Bipolar disorder was once called manic-depressive disorder - A mental health condition that creates intense changes in mood and mental state. While in extreme states of mania or depression, the ability to think clearly and make good judgements is compromised. These states can last for varying amounts of time. They may occur several times a year or seldomly. Fortunately, treatment plans can manage the symptoms of this lifelong condition. Here is everything you need to know about bipolar disorder:
Bipolar disorder, is a dramatic shift in activity level, mood, and energy. These drastic changes impact a person’s ability to perform daily tasks at work and school and can also affect relationships. High, or manic episodes can last for days or weeks. The same is true for low, or depressive episodes.
There are three symptoms which may be indicative of bipolar disorder:
Mania – Mania is an emotionally high experience. These episodes can be exciting, euphoric, energetic, and impulsive.
Hypomania – Similar to mania, hypomania is a less severe experience. It is generally associated with a Bipolar II diagnosis. While this state may not lead to dangerous situations, or create issues in your daily life, it is still a noticeable mood change.
Depression – Depression is a feeling of deep sadness, hopelessness, as well as a loss of energy and lack of interest in activities.
Bipolar disorder affects women differently than men. For women, this condition is typically diagnosed in the 20s or 30s, and depressive episodes are typically more common than manic episodes. However, when manic episodes occur, they are less extreme. Women can also experience rapid cycling. This occurs when one has four or more manic and depressive episodes in a year. It is also common for women to develop other conditions simultaneously. Thyroid disease, anxiety disorder, obesity, and migraines headaches can all accompany bipolar disorder.
Men with bipolar disorder are typically diagnosed earlier in life. Statistically men are less likely to seek treatment and medical care than women. This can be especially dangerous considering that manic episodes tend to be more common and more severe for men. Substance abuse can also be an issue for men with bipolar disorder.
While bipolar disorder is considered a common mental health condition, its causes are not clear. Genetics is one possible source. People with parents or siblings with bipolar disorder are more likely to develop it as well. Abnormalities in the structure of your brain can also play a role in developing the condition. Other external factors like physical illness, extreme stress, and traumatic experiences are also believed to contribute to bipolar disorder.
Bipolar disorder is categorized into three different types:
Bipolar I – Bipolar I is characterized by the occurrence of at least one manic episode. A hypomanic or depressive experience may also occur before or after the manic episode. Bipolar I is equally common in men and women.
Bipolar II – Bipolar II occurs when one major depressive episode lasting at least two weeks, and a hypomanic episode lasting for four day is experienced. Bipolar II is more common in women.
Cyclothymia- When episodes of hypomania and depression are shorter with less severe symptoms than Bipolar I and Bipolar II, it is known as Cyclothymia. People with Cyclothymia only experience one to two months each year of stable moods.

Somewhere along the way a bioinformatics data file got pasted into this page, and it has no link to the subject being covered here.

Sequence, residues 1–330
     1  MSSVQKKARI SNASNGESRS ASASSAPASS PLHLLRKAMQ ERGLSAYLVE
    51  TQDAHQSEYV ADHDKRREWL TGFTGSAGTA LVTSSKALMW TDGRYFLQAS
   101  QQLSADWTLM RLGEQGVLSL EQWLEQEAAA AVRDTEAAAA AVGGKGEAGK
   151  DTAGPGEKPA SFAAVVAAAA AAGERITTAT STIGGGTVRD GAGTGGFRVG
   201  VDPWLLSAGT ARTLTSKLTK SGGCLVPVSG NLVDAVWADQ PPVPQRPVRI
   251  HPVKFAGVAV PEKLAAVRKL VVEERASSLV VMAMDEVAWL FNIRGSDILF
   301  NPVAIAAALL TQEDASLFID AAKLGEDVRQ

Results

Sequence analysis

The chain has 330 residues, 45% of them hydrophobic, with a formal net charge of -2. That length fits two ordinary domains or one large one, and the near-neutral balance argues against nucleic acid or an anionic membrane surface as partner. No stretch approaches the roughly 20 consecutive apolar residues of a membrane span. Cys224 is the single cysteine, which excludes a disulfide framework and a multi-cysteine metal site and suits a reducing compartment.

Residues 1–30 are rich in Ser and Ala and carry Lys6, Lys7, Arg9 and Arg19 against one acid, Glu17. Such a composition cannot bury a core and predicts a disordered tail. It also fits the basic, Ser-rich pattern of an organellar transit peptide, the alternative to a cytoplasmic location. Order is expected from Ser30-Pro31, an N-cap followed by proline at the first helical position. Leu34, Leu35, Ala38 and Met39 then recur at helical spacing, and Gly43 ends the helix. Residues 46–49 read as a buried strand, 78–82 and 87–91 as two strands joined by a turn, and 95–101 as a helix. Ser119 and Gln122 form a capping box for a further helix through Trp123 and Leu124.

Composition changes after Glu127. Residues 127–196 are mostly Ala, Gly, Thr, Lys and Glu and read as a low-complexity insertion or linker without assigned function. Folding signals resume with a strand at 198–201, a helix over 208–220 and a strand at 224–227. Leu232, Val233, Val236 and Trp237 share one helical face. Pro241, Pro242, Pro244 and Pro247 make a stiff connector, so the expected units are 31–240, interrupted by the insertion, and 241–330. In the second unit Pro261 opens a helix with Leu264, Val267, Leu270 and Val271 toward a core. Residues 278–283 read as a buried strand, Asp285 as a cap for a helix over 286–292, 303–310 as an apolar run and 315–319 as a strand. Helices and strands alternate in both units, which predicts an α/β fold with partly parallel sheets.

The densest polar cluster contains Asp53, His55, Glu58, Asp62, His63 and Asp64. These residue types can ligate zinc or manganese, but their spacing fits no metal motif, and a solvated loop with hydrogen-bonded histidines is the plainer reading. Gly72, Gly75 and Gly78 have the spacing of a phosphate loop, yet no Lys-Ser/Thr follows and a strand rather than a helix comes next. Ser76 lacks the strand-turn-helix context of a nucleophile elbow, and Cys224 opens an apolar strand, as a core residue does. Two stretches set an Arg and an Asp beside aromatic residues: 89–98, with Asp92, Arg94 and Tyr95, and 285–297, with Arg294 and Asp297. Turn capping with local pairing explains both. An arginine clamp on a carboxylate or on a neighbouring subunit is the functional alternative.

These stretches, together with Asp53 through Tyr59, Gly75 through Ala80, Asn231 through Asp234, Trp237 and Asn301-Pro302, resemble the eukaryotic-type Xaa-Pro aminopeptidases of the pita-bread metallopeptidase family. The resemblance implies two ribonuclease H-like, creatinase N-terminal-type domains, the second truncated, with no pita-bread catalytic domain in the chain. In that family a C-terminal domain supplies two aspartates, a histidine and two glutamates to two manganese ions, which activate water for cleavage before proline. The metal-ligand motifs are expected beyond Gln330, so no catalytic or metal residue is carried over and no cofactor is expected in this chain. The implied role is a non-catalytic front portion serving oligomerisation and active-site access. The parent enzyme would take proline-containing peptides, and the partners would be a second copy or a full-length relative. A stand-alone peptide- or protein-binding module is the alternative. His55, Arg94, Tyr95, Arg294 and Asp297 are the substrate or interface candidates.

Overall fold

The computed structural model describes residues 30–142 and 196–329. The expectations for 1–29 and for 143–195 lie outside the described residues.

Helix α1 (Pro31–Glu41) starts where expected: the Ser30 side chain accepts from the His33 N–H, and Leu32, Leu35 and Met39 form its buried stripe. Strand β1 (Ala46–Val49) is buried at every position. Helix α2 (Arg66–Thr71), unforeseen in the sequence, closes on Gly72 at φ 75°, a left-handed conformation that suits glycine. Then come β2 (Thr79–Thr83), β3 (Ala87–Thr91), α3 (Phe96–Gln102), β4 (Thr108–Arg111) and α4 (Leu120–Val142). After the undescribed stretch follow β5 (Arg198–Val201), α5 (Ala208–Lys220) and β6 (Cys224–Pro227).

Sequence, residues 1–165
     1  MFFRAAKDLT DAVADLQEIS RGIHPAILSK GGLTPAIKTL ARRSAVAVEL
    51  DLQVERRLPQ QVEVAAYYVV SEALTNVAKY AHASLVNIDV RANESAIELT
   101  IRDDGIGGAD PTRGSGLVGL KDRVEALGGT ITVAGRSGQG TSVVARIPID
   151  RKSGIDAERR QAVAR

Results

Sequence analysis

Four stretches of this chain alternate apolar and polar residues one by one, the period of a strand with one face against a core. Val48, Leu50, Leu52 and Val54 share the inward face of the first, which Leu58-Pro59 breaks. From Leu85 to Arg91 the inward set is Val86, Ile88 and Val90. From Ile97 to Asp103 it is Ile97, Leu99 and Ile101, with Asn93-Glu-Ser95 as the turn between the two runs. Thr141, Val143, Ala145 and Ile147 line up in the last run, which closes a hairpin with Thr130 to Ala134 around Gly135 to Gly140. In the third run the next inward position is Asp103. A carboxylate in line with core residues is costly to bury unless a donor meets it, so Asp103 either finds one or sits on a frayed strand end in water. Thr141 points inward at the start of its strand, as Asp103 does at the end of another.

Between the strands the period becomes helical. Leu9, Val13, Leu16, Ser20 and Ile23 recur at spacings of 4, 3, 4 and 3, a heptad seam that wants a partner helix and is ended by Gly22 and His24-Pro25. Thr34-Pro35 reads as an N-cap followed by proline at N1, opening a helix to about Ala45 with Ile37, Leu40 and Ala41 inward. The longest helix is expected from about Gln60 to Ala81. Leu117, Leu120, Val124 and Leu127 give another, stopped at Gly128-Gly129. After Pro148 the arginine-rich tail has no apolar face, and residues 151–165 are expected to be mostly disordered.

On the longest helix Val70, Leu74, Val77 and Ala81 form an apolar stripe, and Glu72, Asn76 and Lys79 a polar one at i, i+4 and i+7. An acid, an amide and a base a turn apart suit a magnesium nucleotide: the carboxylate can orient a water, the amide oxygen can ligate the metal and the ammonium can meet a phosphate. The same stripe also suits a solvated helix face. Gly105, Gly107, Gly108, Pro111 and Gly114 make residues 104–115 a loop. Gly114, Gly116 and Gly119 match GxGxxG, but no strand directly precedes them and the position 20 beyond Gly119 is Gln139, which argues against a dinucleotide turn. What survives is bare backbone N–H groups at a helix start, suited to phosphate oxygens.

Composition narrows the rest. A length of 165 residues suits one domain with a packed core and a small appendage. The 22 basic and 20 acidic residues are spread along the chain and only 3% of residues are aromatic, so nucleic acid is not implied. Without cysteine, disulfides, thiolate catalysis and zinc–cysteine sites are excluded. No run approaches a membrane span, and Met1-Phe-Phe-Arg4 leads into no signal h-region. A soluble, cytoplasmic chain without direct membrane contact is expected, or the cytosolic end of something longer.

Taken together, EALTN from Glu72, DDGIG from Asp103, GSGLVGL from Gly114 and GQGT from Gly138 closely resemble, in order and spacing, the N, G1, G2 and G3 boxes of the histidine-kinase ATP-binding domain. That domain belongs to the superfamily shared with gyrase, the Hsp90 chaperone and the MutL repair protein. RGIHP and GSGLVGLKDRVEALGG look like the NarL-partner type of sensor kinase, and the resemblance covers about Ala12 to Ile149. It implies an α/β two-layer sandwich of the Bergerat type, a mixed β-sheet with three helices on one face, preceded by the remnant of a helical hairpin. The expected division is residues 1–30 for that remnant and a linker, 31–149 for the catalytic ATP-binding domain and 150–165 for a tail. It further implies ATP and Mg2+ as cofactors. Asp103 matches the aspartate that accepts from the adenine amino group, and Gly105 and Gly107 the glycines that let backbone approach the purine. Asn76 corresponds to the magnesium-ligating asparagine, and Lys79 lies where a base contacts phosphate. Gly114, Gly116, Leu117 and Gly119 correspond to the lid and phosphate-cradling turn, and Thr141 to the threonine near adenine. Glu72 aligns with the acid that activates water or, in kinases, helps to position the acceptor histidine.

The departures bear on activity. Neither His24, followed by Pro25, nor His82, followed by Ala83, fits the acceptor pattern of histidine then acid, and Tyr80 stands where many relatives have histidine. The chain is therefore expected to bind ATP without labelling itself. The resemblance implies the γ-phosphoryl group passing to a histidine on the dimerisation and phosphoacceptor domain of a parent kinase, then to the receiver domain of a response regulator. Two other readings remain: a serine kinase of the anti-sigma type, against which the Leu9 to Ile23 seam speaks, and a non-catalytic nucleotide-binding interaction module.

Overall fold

Because mood swings vary in frequency and significance from person to person, bipolar disorder can be difficult to diagnose. In order for a manic episode to be diagnosed, the symptoms must last for at least a week or cause hospitalization. The manic symptoms must be experienced nearly all day, every day over this period of time. Depressive episodes need to follow the same guidelines for two weeks to qualify for a diagnosis.
Your doctor will use several exams and tests to assess and diagnose your bipolar disorder. This battery of tests may include:
Mental Health Evaluation – A psychiatrist will conduct this evaluation and look for signs of bipolar disorder.
Physical Exam – A complete physical exam, including blood and urine tests, by your physician can rule out any underlying causes to your symptoms.
DSM – The Diagnostic and Statistical Manual of Mental Disorders outlines the symptoms of various mental disorders. Your doctor can use this manual to confirm that status of your bipolar disorder diagnosis.
Mood Journal – Another useful resource is a mood journal. Your doctor may want you to log your moods over a period of time. Keeping a list of your moods and how long each one lasts, in addition to your eating habits and sleep schedule, can provide valuable insight.
Depending on the type and severity of your bipolar disorder, your doctor may suggest one or a combination of a variety of treatments:
Therapy – Cognitive behavioral therapy is an opportunity for you to speak with a therapist and determine how to understand your thinking patterns and other coping methods to manage this disorder. IPSRT, or interpersonal and social rhythm therapy, is designed to regulate your daily habits. Psychoeducation helps with counseling you and your loved ones to better understand bipolar disorder.
Medication – Mood stabilizers, anti-psychotics, anti-anxiety, and anti-depression medication can be used to control the symptoms of bipolar disorder.
Lifestyle Changes – Understanding how to recognize your manic or depressive states is a helpful skill. Other lifestyle changes like maintaining a healthy diet and sleep schedule can also help to manage this condition.